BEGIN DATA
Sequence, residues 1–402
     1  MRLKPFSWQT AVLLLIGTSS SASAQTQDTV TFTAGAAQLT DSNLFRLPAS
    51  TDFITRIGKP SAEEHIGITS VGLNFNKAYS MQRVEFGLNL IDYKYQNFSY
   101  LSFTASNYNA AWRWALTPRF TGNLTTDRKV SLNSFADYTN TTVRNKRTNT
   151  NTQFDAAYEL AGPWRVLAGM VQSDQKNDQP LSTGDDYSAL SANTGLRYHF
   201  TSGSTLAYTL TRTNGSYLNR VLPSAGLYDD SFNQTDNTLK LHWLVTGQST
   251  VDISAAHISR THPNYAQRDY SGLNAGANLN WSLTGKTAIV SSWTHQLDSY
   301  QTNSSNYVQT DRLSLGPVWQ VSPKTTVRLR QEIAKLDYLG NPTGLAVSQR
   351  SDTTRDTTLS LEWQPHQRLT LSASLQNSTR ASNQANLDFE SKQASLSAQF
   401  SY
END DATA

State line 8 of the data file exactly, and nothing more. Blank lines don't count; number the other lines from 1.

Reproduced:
   301  QTNSSNYVQT DRLSLGPVWQ VSPKTTVRLR QEIAKLDYLG NPTGLAVSQR